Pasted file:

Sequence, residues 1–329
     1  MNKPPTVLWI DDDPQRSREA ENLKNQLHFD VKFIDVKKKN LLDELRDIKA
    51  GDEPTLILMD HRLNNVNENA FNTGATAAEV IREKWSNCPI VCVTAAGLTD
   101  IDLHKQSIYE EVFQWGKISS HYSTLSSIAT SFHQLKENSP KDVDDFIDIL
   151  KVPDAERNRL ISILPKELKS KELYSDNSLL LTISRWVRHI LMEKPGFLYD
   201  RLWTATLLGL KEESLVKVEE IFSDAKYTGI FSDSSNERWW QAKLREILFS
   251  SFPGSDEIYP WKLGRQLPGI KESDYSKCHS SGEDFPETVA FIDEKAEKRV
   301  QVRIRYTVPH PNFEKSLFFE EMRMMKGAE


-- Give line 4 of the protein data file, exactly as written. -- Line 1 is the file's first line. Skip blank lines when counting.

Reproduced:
   101  IDLHKQSIYE EVFQWGKISS HYSTLSSIAT SFHQLKENSP KDVDDFIDIL